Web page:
Damien Burke reports on the saviour of an old favourite
With the demise of the North Weald shows some time ago, Biggin Hill was left as London's only major airshow and thanks to skyrocketing public liability insurance rates after the September 11th terrorist attacks in the USA and a lack of big sponsors, it seemed that this show, too, was doomed. With no sign of a sponsor, the show was simply no longer economically viable.
Thankfully, however, with only a few months to go, replacement sponsors were found, notably local paper News Shopper and the Westmead Business Group and arrangements put in place to minimise the cost of insurance - such as a massive increase in crowdline security staff. Unfortunately for hard-core enthusiasts, though, the line-up was pretty similar to previous Biggin shows and some of the star acts were not able to appear, for various reasons. Saddest of all, of course, was the loss of Pierre Hollander and the Spirit of St. Louis replica at the Coventry airshow the weekend before. Also damaged at that same show had been the Sea Vixen, and while de Havilland had hoped to get it repaired in time for Biggin, they didn't quite manage it.
So, left with what some had described as a rather pedestrian line-up, Biggin's reputation hung on the quality of the display acts this year - and thankfully they were top notch. RAF participation wasn't bad considering the recent ending of the war in Iraq, with Tucano, Hawk, Jaguar and Tornado F3 solo displays as well as, of course, the Red Arrows. The Tucano and Jag were both superb, with an added bonus being the use of a Jaguar T4 on the Sunday. The Hawk display seems quite different from last year's, with more emphasis on grace than the hard precision of the previous routine. Wearing a commemorative 100 years of flight badge on the sides of the fuselage was a nice touch - but pity it couldn't have been made into a more flamboyant display scheme - pure black aircraft are a sod to take good photos of! The Tornado display seemed to be a bit on the rough side, with two appearances on Saturday (the first being a practice) and an aborted display on Sunday (reason unknown). Perhaps the increasingly gusty conditions forced the decision to stop the display which was a pity as Sunday's display looked rather smoother than those on Saturday. The wind certainly put paid to the RAF Falcons, who had to be content with a fast pass inside their Hercules dropship.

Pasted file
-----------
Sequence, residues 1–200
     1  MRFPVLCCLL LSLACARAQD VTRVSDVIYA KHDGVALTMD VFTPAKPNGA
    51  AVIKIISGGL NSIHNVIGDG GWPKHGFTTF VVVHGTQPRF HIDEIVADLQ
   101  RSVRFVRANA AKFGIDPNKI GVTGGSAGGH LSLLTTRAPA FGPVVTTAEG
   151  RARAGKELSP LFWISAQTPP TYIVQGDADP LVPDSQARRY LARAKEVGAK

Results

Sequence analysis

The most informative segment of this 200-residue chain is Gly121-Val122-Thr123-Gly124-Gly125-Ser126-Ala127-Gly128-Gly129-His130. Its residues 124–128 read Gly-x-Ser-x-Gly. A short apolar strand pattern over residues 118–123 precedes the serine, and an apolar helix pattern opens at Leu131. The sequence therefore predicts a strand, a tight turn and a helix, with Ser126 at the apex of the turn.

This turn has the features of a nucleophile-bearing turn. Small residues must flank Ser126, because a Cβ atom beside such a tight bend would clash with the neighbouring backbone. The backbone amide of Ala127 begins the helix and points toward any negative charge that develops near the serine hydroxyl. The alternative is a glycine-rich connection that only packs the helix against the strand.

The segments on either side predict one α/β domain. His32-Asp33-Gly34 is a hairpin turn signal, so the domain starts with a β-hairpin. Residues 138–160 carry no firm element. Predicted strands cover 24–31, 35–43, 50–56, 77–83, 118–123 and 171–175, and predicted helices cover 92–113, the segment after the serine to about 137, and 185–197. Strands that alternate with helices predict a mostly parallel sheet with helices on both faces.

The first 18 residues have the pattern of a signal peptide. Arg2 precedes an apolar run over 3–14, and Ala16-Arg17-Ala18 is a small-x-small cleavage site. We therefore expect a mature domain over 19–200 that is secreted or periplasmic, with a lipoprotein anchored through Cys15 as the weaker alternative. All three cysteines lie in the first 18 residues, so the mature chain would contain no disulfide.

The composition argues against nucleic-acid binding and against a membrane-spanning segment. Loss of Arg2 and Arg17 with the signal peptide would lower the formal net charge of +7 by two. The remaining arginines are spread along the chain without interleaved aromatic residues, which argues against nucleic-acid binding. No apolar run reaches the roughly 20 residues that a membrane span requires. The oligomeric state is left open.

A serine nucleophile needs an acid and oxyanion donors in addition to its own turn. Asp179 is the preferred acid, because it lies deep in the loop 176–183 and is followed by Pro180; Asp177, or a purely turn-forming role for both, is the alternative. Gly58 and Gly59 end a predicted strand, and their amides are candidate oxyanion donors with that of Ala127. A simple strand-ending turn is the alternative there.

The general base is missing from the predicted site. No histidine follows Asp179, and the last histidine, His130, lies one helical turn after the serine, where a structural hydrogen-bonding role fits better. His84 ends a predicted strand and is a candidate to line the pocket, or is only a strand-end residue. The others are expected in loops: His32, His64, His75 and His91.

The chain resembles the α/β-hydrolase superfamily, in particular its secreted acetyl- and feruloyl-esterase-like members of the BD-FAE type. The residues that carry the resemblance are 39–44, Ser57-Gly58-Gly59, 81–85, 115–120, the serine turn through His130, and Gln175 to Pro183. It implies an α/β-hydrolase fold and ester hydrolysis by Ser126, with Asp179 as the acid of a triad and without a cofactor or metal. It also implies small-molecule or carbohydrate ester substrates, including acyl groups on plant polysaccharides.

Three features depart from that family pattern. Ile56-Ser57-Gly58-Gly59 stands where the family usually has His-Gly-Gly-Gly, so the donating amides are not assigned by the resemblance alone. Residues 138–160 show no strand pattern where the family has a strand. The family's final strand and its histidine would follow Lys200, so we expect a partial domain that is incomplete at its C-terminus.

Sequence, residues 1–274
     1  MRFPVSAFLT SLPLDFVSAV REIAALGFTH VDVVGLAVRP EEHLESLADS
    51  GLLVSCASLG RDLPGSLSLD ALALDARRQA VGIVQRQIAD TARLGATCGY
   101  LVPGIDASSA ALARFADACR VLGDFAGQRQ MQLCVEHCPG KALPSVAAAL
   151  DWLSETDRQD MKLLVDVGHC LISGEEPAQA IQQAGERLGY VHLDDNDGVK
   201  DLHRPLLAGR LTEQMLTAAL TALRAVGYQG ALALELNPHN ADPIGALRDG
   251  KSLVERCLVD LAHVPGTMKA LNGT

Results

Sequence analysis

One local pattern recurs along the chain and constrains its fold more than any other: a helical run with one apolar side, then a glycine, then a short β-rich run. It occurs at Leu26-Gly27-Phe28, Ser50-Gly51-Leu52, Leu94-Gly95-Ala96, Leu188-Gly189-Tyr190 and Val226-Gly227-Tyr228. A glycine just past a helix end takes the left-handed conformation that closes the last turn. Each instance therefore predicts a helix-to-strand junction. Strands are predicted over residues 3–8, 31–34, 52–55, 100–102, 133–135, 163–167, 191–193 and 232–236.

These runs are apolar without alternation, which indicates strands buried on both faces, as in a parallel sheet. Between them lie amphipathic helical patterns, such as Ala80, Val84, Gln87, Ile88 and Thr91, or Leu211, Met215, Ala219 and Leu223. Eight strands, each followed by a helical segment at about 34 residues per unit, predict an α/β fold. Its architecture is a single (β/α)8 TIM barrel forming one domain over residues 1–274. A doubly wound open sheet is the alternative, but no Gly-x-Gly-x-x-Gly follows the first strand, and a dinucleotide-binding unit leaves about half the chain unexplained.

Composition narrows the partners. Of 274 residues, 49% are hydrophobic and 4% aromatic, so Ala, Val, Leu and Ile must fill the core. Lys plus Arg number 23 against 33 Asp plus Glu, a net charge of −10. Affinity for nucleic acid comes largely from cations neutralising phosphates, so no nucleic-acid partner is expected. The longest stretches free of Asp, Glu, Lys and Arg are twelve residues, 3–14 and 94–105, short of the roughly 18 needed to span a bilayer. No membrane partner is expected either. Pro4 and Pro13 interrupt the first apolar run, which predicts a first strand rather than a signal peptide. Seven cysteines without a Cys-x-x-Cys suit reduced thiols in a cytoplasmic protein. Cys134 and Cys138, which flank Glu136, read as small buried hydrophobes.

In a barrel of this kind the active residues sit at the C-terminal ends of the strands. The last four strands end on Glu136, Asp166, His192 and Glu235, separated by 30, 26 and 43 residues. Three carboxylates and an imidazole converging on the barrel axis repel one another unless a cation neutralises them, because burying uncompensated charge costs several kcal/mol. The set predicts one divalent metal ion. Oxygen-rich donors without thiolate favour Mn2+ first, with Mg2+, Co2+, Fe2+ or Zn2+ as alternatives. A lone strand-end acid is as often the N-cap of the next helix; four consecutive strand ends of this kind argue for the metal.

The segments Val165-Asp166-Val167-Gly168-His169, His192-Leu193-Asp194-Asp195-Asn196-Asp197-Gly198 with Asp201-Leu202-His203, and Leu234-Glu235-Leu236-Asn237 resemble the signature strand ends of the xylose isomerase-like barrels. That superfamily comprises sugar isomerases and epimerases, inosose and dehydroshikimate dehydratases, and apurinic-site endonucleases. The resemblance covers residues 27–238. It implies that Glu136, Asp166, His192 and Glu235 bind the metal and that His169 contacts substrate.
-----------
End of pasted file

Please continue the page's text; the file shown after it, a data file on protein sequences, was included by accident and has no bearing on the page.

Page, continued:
International military participation has got thinner and thinner over the years at Biggin, and this year did little to change things with the only foreign displays being from a French Falcon 10 and a Belgian Alpha Jet. The Alpha was a sprightly performer but the Falcon 10 limited itself to a few passes up and down the display line before returning to Earth. The expected Belgian F-16 was shelved when the Belgian Air Force suddenly required an outrageous insurance fee with only weeks to go before the show.
Foreign civilian participation was a different matter however, with the US-based Grumman Albatross making another appearance at Biggin (her last in the UK before the long series of hops to get back home to the USA) and a pair of old timers from Sweden - a Tummelisa (1919 biplane type) and a Bleriot replica. These were part of the celebration of 100 years of flight, aided by a ground-bound scale replica of the Wright Flyer which puttered up and down a few hundred feet of the crowdline, invisible and unheard by many. The Swedish pair, flown by Mikael Carlsson, turned out to be some of stars of the show. Saturday saw an eye-opening performance from him in the Bleriot, despite a stiff wind, followed by what has to have been the single most impressive demonstration of a biplane I have ever seen when he took the Tummelisa up for 10 minutes of the sort of aerobatics that would embarrass the average Pitts Special. Back on the ground he was greeted with a well-earned standing ovation from both crowd and jaded press corps alike - "They're built to take it, this is how you should fly them" being one modest comment from the 'crazy Swede'. He was later given the award for best solo display, but also asked to tone it down a bit for Sunday!